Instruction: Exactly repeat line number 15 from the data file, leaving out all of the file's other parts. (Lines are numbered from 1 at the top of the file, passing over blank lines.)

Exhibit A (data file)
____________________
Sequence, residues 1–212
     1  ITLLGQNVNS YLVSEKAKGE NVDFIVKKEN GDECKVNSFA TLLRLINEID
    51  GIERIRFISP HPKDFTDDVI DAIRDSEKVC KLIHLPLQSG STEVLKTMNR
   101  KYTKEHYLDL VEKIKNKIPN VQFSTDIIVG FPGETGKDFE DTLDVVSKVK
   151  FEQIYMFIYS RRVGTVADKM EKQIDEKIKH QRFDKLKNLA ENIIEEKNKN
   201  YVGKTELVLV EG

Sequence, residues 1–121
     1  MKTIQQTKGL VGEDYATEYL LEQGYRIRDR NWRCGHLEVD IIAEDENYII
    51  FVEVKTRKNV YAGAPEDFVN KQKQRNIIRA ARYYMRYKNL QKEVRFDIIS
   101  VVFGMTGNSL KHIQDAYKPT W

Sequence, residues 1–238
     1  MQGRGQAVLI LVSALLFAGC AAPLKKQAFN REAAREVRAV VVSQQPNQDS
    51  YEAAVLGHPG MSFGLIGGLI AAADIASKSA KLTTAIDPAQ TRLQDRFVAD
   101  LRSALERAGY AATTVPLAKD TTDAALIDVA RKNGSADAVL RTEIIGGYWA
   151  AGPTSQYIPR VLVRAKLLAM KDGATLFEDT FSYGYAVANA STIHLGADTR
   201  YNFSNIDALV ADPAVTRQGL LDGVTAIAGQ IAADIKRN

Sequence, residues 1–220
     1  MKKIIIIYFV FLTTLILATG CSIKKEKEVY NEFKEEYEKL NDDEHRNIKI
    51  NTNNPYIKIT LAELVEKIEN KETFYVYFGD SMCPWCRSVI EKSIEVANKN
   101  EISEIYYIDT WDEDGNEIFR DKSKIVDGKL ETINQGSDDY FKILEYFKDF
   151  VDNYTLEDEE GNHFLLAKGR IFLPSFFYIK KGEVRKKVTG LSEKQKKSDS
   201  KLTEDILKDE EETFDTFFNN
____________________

   151  AGPTSQYIPR VLVRAKLLAM KDGATLFEDT FSYGYAVANA STIHLGADTR